“If you’re looking at two different ice cream shops, you’re not thinking, ‘Which one has the cold ice cream?’ That’s value-expected,” he says. Seventy to 80 percent of the typical IT budget is spent on value-expected, keep-the-lights-on work such as creating the “five nines” of availability many CIOs take pride in, he adds. But if you want to talk about availability, you need to go the extra step to connect that metric to a specific business outcome, Anderson says. “How is this suite of applications used? It’s used to close loans. What impacts my paycheck is how many days it takes to close a loan. So if you talk about how availability helps with these metrics you care about, that’s a game-changer in a conversation on the business value of IT.”

In general, Barchi says, IT leaders are doing things right to foster business-IT alignment and help drive business results. “We’ve grown to be responsive to the needs of our customers in every industry I’ve seen.” But, he says, some business leaders have been slow to understand how IT can and must fit into every initiative.

“In some of the industries I’ve served, the first reaction I get from my peers is, ‘Oh, you want to be embedded with us? Join our staff meeting every other Tuesday for the last five minutes, and we’ll save any IT issues and discuss them then,’” he says. That’s not a great approach because there’s some element of tech in almost every financial, customer experience, service, or operational conversation. “So not just technology leaders, but also business leaders, need to recognize that technology underpins most of what we do now, and it needs to be part of every conversation.”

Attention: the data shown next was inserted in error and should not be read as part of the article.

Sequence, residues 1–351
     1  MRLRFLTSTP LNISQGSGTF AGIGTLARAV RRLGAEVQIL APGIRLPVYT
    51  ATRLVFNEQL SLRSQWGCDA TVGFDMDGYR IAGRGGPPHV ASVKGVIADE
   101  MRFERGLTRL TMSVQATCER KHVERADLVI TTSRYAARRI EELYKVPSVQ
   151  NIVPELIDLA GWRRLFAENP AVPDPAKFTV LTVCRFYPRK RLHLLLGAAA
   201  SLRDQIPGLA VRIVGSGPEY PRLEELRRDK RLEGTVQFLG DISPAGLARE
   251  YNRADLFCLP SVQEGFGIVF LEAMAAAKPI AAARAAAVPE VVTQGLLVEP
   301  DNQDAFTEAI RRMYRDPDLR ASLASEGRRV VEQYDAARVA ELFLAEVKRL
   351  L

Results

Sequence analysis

It’s up to IT leaders to deliver that message, he adds. “The hard truth is that, as CIOs, it’s on us to show the value of being part of every conversation — mostly listening, and then coming up with solutions or helping to solve problems.”

Business IT Alignment, IT Leadership

The greatest challenge for any CIO, undoubtedly, is aligning technology with an organization’s business goals.

Most CIOs know it is the No. 1 objective and far easier said than done. For a multitude of reasons — some political, some budgetary, some cultural — often the desired outcome of using technology to achieve business objectives seems out of reach.

Steve Taylor took the IT reins for mortgage subservicer Cenlar because he was confident his longtime experience as a consultant would help him bridge the gap between IT and the business — and deliver “material business impact” that is demonstrable and measurable, he says.